If there was ever any remaining doubt, the power of music over mere words has been most successfully reiterated in David Charles Rodrigues’ documentary portrait of the San Francisco Gay Mens Chorus whirlwind tour of the Deep South.
After the 2016 election results, it seemed to many that the LGBTQ+ community might come under attack like never before. What to do? Bring a couple hundred queers (with heavenly voices) into the allegedly hell-and-brimstone Southern states.
Led by artistic director Tim Seelig (a failed Southern Baptist who had the gall to speak his own queer truth—even with a wife and two children), the Lavender Pen Tour boldly moved into the “enemy’s” camp, largely capturing hearts and minds, one chorus at a time.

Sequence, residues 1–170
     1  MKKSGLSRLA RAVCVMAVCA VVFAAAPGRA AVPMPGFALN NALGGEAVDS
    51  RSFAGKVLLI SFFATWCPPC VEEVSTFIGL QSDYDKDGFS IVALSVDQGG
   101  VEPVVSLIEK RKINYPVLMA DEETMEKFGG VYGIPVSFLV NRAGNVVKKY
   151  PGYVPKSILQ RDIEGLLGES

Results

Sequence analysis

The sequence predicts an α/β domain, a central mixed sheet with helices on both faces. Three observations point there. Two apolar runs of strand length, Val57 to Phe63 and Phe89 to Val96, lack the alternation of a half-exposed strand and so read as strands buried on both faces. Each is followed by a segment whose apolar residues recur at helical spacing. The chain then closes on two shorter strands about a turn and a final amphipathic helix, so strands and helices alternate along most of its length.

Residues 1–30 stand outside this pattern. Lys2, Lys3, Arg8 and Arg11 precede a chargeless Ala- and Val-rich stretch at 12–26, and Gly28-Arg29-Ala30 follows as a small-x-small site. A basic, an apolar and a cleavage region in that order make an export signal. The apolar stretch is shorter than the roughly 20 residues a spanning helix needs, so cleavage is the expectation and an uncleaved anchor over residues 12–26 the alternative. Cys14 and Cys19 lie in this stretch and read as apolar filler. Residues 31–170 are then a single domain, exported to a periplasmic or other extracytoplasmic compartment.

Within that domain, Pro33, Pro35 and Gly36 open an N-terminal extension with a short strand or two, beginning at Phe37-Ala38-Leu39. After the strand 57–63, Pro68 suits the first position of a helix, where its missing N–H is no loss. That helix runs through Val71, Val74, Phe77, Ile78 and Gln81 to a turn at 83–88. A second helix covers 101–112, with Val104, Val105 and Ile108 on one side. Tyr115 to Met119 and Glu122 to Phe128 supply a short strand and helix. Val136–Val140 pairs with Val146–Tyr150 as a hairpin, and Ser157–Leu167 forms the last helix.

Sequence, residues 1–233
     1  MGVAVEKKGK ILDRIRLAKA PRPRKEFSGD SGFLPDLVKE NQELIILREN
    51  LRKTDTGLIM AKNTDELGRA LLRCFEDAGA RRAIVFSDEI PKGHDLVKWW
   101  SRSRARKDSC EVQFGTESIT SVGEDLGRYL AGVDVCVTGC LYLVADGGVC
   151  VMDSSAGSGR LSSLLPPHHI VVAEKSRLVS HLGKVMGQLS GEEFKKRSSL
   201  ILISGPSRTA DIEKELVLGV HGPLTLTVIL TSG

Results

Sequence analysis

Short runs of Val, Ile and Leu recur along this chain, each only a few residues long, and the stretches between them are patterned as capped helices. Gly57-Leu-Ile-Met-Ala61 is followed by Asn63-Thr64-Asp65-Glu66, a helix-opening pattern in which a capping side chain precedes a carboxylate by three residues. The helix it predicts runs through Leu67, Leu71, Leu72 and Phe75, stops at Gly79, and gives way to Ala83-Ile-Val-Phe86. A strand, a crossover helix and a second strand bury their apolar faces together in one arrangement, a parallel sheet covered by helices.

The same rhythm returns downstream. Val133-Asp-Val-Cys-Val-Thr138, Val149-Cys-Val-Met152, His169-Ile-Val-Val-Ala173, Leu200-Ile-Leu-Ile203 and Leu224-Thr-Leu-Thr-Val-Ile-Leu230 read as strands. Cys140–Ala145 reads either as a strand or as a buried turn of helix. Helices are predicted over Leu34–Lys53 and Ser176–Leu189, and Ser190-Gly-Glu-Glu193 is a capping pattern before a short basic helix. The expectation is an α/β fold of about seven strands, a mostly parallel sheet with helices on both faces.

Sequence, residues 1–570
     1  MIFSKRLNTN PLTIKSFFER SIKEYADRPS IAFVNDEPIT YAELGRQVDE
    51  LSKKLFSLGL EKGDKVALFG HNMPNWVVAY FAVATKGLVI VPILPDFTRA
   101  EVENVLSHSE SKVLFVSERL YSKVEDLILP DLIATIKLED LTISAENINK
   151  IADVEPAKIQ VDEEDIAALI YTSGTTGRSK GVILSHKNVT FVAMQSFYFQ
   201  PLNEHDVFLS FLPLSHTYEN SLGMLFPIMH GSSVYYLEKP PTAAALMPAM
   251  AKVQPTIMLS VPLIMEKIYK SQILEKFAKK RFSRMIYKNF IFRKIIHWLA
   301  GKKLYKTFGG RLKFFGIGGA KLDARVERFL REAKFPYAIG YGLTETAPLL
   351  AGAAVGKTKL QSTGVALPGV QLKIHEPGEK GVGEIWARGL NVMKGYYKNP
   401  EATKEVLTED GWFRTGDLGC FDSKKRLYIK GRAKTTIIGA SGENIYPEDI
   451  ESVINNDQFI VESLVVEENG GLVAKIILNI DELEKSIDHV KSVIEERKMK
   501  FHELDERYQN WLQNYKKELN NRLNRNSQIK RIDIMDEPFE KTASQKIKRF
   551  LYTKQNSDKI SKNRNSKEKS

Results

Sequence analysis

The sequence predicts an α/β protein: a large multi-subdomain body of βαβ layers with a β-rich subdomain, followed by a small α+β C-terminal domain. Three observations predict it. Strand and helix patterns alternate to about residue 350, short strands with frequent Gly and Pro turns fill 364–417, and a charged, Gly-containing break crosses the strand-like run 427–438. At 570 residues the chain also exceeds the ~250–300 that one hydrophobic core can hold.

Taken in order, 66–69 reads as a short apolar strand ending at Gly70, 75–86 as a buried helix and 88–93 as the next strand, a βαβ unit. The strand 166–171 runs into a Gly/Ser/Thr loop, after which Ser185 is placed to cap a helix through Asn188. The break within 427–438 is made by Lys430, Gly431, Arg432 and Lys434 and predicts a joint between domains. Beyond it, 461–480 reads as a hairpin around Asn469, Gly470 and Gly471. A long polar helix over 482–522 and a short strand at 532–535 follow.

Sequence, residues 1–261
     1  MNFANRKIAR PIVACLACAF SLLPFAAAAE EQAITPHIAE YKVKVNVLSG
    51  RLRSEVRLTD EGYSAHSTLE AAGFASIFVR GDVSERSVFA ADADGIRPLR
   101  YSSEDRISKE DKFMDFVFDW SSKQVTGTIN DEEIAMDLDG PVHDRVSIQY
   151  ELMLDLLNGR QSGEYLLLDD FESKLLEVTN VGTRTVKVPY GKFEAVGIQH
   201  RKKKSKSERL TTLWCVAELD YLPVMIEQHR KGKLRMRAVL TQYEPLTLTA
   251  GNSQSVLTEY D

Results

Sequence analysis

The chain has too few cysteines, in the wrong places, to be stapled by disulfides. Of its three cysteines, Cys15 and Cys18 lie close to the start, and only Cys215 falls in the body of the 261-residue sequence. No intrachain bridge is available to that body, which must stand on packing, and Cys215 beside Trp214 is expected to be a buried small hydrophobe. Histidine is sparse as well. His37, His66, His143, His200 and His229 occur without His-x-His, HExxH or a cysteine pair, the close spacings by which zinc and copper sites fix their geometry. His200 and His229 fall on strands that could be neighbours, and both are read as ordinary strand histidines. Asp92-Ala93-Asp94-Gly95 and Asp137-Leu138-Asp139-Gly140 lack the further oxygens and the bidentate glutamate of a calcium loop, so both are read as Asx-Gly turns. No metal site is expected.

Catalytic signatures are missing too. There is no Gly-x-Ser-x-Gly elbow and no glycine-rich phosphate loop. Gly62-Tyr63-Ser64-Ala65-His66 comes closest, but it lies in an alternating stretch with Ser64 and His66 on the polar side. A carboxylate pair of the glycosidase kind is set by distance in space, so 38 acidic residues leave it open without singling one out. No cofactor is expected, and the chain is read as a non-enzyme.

Paying their own way, the disparate collection of singers brought take-it-forward therapy to a new level.
The filmed pushback (a few protesters with some tired religious signs and a “God is the Supreme Court Poster”), left a Pollyannaish feeling that pretty much all was well, now.
Leave that aside: the musical performances (brief as they are: more, please) can’t help but bring tears to any human being who has felt an iota of discrimination from all manner of issues: race, sexuality, gender, beliefs.
While focussing on the South, it is unrealistic to think that narrow-minded people only live there.
The entire planet is rife with those who “lovingly” look down on what they presume to be their “lessors”. Most of those could never comprehend the beauty and meaning of, say, a Bach chorale if it bit them on the ear.
More fine art; less uniformed chatter. JWR